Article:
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Tips For Cost Effective Web Design

Jun 6, 2012, 19:34 PM | Published under Web Design by Michael Hodgdon

If you are having a website built on a small budget, there are two basic paths you can choose to help control your costs:

  1. Have a designer realize your vision.
  2. Let your designer choose the vision.

Either way works fine, so long as you are clear which way you are going and stay the course throughout the design process. Here's what I mean: 

Option 1: Have your Designer Realize Your Vision

If you feel like you have a vague idea of what you want, but aren't quite sure, you better get sure quickly! The more specific you can be about the design you want created, the more time you will save.

A good way to do this is to find other designs, fonts and color schemes that are all in line with your vision and stick with them throughout the design process. (This means you've got to feel pretty good about them in the first place). And these things don't have to be from examples in your industry, or even the media you are having the design created for. Look at designs from all industries and all media types—print and web. Your designer should have the skill to take a design concept like a retro-style ad for an airline in a women's magazine, and translate it to your website.

I also recommend making these choices with your users in mind. These are big decisions and you want to make sure that they are in line with your goals and your target audience before you commit to them with your designer. The idea is to be as all-around sure about what you are trying to accomplish before the designer enters the room.

The more you can flesh out your idea and show your designer what you are talking about before the work begins, the less you have to spend time getting the design to where you want it to be.

Option 2: Let the Designer Choose the Vision

If you really don't have much of an idea of the look you are going for, you can let your designer have free reign of the design. This is what designers love to do and typically why they're in this profession in the first place.

A good designer will have the skill to take your company's message, goals, target audience and calls to action to create a design that has the right feel for what your project needs to accomplish.

You have probably chosen a designer or firm based on their past designs and experience, so trusting them to create something the you like and will work for your project should be possible. And going with the design the designer comes up with will keep your costs down.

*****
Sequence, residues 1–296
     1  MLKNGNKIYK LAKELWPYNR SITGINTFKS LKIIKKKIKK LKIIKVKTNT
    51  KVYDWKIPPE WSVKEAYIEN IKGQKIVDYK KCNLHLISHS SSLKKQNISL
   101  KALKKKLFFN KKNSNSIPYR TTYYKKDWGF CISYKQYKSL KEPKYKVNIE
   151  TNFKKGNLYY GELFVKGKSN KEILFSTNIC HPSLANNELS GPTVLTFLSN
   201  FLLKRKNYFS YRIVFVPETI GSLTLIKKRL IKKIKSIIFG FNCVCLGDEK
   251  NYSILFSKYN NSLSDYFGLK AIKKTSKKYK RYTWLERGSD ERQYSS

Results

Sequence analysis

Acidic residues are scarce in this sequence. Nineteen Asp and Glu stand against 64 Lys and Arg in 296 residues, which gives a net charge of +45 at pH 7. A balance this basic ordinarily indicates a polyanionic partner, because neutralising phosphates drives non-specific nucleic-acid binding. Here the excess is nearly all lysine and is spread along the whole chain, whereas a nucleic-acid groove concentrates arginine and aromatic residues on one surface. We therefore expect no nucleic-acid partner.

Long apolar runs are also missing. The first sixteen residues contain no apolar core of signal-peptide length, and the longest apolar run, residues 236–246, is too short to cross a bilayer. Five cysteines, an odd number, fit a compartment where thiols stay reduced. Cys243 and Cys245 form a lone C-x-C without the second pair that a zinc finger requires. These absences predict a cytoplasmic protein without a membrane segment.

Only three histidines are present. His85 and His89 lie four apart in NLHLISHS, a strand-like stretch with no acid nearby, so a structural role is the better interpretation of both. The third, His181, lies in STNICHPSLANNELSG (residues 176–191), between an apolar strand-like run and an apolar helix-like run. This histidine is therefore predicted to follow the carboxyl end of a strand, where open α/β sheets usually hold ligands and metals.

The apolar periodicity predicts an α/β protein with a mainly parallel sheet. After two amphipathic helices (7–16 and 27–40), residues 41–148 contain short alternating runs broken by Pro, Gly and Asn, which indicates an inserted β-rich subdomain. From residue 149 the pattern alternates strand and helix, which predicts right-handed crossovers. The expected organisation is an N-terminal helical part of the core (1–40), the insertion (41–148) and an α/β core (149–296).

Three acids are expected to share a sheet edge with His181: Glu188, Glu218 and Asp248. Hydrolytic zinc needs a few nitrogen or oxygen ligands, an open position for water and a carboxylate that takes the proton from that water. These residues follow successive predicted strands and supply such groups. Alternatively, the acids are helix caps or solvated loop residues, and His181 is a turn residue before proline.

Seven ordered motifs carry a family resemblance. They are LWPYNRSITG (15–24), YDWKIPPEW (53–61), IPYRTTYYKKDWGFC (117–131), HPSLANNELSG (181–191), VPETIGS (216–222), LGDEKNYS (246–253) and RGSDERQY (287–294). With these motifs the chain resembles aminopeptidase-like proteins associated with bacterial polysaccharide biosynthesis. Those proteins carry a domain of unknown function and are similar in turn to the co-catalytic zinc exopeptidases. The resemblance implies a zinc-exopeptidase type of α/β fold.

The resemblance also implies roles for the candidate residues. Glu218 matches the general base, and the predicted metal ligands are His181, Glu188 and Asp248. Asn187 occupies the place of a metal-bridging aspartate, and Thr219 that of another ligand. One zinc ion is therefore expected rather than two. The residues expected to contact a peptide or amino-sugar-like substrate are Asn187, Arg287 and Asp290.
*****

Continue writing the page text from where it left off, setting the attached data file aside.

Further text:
The Muddy Middle

The muddy middle is where design costs typically are. When a designer is taking a stab in the dark or directions are vague, the hours will quickly add up. And having a committee with with several different visions of what the finished project should look like will get you into the same mud pit. You either need to be very clear with your team and come to an agreement before you get the designer involved, OR, agree to be open-minded, trust your designer and accept the final design you're given. Otherwise you can expect it to take a lot of extra hours.

More Hours Isn't a Bad Thing

Here's one other thing to keep in mind: spending money on a design project isn't a bad thing. Now, of course I would say that, seeing as how I earn my livelihood as a designer... but really! If you and/or your team aren't clear in your minds about the direction necessary, your designer can be a great resource for helping you flesh it out. That is one of the great parts of the job. When I work with Infront's clients, I love finding that sweet spot of visual elegance, brand messaging and calls to action. But that sweet spot comes at a price—you can't get that kind of design at a rock bottom, dirt cheap price. A great design that accomplishes your goals takes time, but if it increases your visitors, increases your sales, and spreads your message, it's worth it.

Choose Your Path Carefully

Before you embark on a design project, create a budget. And choose your path: come up with a clear vision and then convey that to your designer, or give your designer the control to be creative and come up with the best design for the job. 

If you go into the project with your path in mind, it can save you and your designer a lot potential hassle or confusion, and in the end, that can save you money.

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